Aim of the present study was to evaluate the role of ubiquitin-proteasome system on ACTH turnover in pituitary corticotropes. Our study identified POMC as a target of ubiquitylation and showed that inhibitors of ubiquitylation and of the ubiquitin-proteasome system increased ACTH cell content, as well as secretion. It follows, therefore, that ubiquitylation is directly involved in regulation of intracellular ACTH homeostasis.
Materials and methods
Rat anterior pituitary primary cultures
Anterior pituitaries were obtained by dissection from adult male Sprague-Dawley rats (rattus norvegicus, Charles River Laboratories, Calco, Italy) maintained in light-dark cycle and temperature-controlled rooms with free access to laboratory chow and tap water. Animals were treated according to the National Institutes of Health, Office of Animal Care and Use recommendations and authorization from the University of Milan Animal Care offices was obtained prior to the study. Pituitaries were established in culture using our usual protocol [18, 19]. Briefly, anterior pituitaries were excised, dispersed with trypsin, cell dispersions pooled and cells plated at 4-5 × 10,000 cell/well density in 12-well polystyrene plates (Corning Inc., Corning NY, USA). Primary cultures were attached in Dulbecco’s modified Eagle’s medium (DMEM), containing glucose and L-glutamine supplemented with 10% fetal bovine serum and antibiotics and maintained at 5% CO2, 37 °C for 3-5 days.
Rat anterior pituitary primary cultures were incubated in serum-free DMEM + 0.1% bovine serum albumin (BSA) containing 0.01–100 nM carbobenzoxy-L-leucyl-L-leucyl-L-leucinal MG132, a peptide aldehyde which selectively inhibits chymotrypsin-like proteolysis and the ubiquitin-proteasome pathway [12, 20], or 0.1–100 nM mutant ubiquitin K48R, an inhibitor of polyubiquitylation . Co-treatments with 5 µM cycloheximide, an inhibitor of protein synthesis and translational elongation, and 0.01–10 nM MG132 were also performed. Control wells were treated with DMEM and 0.1% BSA alone and each treatment was performed in quadruplicate. After 4 and 24 h, medium was collected and cell content extracted. Parallel assessments for cell viability were performed with trypan blue staining . All reagents were obtained from Sigma-Aldrich, St. Louis MO, USA and stock solutions dissolved according to the manufacturer’s instructions, i.e., MG312 in DMSO, K48R in sterile water. Experiments were repeated at least thrice.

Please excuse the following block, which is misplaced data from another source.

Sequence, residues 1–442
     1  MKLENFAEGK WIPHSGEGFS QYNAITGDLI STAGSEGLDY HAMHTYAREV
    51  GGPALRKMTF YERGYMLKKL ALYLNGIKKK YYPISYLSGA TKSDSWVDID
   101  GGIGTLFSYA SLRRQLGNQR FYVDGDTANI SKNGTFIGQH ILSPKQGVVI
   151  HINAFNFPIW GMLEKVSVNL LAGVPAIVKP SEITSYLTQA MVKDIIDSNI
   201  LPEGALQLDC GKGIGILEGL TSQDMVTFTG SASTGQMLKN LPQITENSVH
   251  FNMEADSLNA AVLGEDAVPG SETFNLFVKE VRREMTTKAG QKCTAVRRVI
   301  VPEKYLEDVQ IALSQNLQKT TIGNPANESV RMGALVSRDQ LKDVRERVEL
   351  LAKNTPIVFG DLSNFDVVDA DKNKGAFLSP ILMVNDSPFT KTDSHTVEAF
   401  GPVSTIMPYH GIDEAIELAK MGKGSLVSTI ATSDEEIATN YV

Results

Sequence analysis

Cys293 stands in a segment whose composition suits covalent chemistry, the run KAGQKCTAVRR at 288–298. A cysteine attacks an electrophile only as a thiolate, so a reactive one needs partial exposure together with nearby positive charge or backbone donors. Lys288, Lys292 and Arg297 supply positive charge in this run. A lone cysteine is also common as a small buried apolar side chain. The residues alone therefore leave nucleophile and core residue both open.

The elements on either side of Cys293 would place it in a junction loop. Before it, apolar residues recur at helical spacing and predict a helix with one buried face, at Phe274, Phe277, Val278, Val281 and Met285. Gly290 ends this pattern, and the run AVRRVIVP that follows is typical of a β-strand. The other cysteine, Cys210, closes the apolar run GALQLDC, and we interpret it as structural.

Co-immunoprecipitation and Western blotting
Total protein was extracted from control wells by RIPA Lysis buffer (25 mM Tris-HCl pH 7.6, 150 mM NaCl, 1%NP-40, 1% sodium deoxycholate, 0.1% SDS; Thermo Scientific, Rockford IL, USA) supplemented with protease and phosphatase inhibitor cocktail (Sigma Aldrich, St. Louis MO, USA). Protein concentration was measured using Bradford assay (BioRad, Hercules CA, USA). For co-immunoprecipitation experiments, cell lysates (150 µg) were incubated at 4 °C overnight with anti-ubiquitin rabbit polyclonal primary antibody (1:2000 dilution; Abcam, Cambridge, UK) and non immune IgG (i.e., non specific control). Protein complexes were captured on Protein A/G PLUS-agarose (Santa Cruz Biotechnology Inc. Dallas TX, USA). Ubiquitin-precipitated pituitary primary culture cell extracts were separated on SDS-PAGE using a 4-12% gradient (NuPage gel in Tris-glicine, Life Technologies, Carlsbad CA, USA) under denaturing conditions. Proteins bands were transferred to Hybond ECL nitrocellulose membrane (GE Healthcare, Little Chalfont, UK) and the membrane blocked with 5% non-fat milk, incubated with anti-ACTH rabbit polyclonal primary antibody raised against the entire 1-39 sequence (1:1000 dilution; Abcam, Cambridge, UK) followed by incubation with horseradish peroxidase-conjugated secondary goat polyclonal anti-rabbit antibody (1:10000 dilution; Invitrogen, Camarillo CA, USA). Blots were developed using enhanced chemiluminescence technique. Bioinformatic prediction of ubiquitylation sites on rat POMC protein sequence (GenBank Accession # AAH58443) was perfomed at www.ubpred.org.